Editor's Note: After learning about serious allegations against Jason Ward, the National Audubon Society has severed its ties with him.
With their beautiful, chestnut-tinged feathers and pale-yellow irises, Rusty Blackbirds are among my favorite wintering species in Georgia. From November to March, I’ll find them flocking with grackles, Red-winged Blackbirds, European Starlings, and another one of my crushes, Brown-headed Cowbirds. The large, raucous parties rove from spot to spot, flipping over leaf litter as they forage for seeds and acorns.
Rusties (as birders like to call them) typically dwell in wet places: marshes, swamps, flooded forests, you name it. They breed farther north than any other blackbird species, and cover 39 states over their migratory range. In colder months, they’ll occupy beaches, channeling shorebirds as they probe the water for prey. The likeness goes both ways. When Rusties abandon their boreal nests after a season, Solitary Sandpipers will often move right in.
But as widespread as the species is, it’s struggling to make it. Big time. Figures from the Christmas Bird Count and the North American Breeding Bird Survey estimate a 85 to 95 percent decline in the Rusty population over the last 50 years. There are several theories to why—the most obvious being habitat loss and climate change. (According to a USFWS report, our country has lost 16.8 million acres of wetlands since the mid-1950s.) Beavers—or lack of them—could be another reason: When they build dams, they form ponds and wetlands, creating homes for Rusties and other woodsy residents. But with the mammals still recovering from the centuries-old fur trade, it's another blow to blackbird populations.
Right now, no one’s sure how Rusties are doing overall. Organizations like the International Rusty Blackbird Working Group are trying to find the extent of the species’ decline, but data is still hard to come by. That’s where birders come in. We’ve been on the front lines for decades, tracking numbers and sharing them on eBird. Our personal checklists double as vital snapshots of the latest population trends. And that’s all Rusties have in terms of a fighting chance at the moment.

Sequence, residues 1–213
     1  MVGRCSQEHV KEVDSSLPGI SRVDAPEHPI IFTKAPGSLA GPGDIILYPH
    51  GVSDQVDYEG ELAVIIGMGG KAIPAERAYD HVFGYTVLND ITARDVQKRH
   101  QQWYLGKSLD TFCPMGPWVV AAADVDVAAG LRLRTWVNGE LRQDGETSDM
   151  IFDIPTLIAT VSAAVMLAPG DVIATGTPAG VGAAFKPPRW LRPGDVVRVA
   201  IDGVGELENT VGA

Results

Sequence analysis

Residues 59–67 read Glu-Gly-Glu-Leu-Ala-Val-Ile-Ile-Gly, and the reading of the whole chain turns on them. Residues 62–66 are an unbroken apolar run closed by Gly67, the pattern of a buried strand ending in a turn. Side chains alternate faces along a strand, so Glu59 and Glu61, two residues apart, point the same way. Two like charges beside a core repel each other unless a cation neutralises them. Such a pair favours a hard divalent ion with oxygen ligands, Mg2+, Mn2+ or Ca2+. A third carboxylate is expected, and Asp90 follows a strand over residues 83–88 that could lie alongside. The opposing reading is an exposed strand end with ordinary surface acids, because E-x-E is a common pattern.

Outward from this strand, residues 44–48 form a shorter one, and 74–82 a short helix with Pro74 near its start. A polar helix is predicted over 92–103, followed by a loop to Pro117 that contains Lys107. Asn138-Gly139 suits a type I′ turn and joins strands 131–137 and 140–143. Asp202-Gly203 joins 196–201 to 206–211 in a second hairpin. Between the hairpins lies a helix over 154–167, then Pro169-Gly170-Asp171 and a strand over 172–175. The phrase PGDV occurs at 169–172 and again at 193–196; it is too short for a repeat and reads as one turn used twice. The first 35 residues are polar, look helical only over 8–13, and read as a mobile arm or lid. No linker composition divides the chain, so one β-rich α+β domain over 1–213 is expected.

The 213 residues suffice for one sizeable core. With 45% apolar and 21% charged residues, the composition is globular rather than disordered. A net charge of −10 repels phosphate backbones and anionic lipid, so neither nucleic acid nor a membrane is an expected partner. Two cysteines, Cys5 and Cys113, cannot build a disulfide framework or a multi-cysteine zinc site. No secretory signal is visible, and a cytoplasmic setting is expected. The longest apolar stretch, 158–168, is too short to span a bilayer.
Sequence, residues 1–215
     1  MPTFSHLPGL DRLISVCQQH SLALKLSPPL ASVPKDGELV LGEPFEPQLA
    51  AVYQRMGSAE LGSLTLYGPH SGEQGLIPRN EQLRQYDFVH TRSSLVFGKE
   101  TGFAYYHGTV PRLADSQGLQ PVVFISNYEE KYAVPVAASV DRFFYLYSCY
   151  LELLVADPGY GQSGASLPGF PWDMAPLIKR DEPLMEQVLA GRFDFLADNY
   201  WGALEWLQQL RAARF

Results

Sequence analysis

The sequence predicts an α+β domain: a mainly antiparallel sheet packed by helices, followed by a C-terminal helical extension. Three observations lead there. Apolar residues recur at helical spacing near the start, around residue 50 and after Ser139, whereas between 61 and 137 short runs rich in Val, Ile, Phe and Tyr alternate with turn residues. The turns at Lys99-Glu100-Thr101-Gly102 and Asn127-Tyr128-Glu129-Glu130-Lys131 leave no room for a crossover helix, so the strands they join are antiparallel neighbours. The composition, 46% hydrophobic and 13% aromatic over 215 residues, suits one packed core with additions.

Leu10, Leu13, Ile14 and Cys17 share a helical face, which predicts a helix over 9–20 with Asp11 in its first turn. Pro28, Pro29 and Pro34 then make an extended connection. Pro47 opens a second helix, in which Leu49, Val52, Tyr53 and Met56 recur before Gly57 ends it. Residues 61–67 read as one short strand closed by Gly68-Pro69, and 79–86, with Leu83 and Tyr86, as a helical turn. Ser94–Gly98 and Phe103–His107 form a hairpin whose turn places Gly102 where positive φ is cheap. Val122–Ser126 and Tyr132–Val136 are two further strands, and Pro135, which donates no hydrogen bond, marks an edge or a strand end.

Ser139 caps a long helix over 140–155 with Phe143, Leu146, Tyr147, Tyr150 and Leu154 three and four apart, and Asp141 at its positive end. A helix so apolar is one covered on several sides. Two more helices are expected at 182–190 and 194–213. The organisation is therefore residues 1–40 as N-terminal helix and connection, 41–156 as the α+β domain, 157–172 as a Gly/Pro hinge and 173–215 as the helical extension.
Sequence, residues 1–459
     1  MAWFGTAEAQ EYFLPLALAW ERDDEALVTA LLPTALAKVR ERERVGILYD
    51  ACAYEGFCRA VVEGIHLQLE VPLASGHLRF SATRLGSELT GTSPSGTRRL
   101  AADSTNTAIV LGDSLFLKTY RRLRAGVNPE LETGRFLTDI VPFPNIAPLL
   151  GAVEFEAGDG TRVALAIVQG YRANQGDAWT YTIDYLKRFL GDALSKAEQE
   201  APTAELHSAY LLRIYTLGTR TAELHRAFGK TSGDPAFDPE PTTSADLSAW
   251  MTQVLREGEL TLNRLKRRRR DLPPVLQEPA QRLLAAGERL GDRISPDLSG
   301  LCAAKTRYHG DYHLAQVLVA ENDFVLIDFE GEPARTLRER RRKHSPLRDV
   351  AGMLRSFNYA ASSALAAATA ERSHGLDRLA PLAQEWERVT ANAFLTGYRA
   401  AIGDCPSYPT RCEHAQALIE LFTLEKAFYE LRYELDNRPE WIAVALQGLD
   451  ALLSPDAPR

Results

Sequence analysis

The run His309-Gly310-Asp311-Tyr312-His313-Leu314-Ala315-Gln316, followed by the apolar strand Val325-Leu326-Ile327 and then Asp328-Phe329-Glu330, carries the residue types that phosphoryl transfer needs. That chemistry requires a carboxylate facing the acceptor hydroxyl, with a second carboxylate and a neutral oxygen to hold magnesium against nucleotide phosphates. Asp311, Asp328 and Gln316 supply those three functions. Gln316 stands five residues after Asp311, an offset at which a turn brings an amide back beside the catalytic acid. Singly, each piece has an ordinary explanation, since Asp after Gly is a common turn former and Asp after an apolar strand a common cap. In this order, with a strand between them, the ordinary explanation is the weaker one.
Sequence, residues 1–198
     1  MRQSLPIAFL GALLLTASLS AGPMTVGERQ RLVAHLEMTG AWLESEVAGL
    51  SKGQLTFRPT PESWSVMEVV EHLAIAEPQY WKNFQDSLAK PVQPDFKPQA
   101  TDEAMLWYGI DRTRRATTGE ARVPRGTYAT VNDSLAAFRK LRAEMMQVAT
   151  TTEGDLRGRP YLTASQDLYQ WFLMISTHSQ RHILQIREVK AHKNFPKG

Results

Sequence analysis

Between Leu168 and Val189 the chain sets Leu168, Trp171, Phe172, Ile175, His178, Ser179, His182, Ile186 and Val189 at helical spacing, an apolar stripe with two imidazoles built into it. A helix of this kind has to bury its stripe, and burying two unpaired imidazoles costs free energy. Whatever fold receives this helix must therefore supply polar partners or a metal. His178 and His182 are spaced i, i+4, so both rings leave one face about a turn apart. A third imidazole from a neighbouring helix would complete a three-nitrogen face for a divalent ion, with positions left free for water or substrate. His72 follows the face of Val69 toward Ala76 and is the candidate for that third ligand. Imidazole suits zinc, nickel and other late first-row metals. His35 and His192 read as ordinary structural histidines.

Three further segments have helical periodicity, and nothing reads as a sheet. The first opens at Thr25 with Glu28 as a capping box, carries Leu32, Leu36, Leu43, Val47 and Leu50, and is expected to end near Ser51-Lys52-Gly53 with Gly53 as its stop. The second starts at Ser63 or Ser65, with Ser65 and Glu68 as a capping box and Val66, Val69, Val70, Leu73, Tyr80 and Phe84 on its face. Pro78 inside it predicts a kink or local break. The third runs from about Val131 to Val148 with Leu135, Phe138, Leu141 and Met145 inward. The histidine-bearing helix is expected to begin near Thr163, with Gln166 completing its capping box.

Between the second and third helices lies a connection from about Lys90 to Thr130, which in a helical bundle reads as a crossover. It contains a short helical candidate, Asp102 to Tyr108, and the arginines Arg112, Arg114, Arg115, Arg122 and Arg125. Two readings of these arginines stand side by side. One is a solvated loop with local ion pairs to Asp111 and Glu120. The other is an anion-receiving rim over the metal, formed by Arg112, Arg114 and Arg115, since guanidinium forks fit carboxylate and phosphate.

So, if you have a solid hour or two this weekend, go looking for Rusty Blackbirds. Even if you turn up empty, your results could be used to further the conservation of this species.
To help you get started, let’s go over some key Rusty-chasing guidelines:
- November to March is prime Rusty season in the southeastern states. Farther north, from New England through the Great Lakes, expect an influx in March as early migrants head toward the bogs of the boreal zone.
- Check swamps, marshes, and mucky woods, no matter how urban or confined. My favorite place to watch blackbirds is right in the heart of Atlanta in Piedmont Park. I’ve seen more than a hundred Rusties at a time there.
- Evenings are the best time to catch the largest mixed flocks. As the sun goes down, hundreds or thousands of blackbirds will converge on wetlands to roost overnight. Even if you don’t find Rusties among them, they’re quite a spectacle.
- When the sights are overwhelming, try deferring to sound. Rusty Blackbirds can be picked out by the creaky hinge sound they add to the typical blackbird-style checks.
- Never turn down an opportunity to observe a foraging flock: It’s a great way to flex your skills and practice tough IDs. Stay a safe distance away and look for individuals with brown-tipped feathers and yellow eyes. Rusties will be slightly larger than Red-winged Blackbirds and slightly smaller than iridescent Common Grackles.
- If the bird is face deep in a puddle of water or mud, chances are it’s a Rusty. The species also has a reliable strut, where it holds its tail quite level with the ground.
Rusty or Not?
When trying to identify a Rusty Blackbird, one of the best tips a birder can follow is to start with the usual suspects, then work backward. In this case, we have a Common Grackle, as indicated by its shiny head and long, tapered tail.
The Rusty’s range overlaps with several other like species, but the Brewer’s Blackbird is probably the closest match. The latter prefers farms and urban spaces and has a thicker base on the beak. It also has a less squeaky, more piercing quality to its whistles. Finally, male Brewer's flaunt a glossier plumage.
The brown head on this stud is enough to differentiate from our target species. Be careful with non-breeding Rusties, though; they can also show a brown-to-black gradation. Still, the pitch-black eye and hefty bill are clear hints of a Brown-headed Cowbird.
Yet another bird that looks like all the others. But wait, is that a touch of cinnamon on its shoulders and back? A telltale clue of a Rusty Blackbird—and the lack of iridescence points to a female.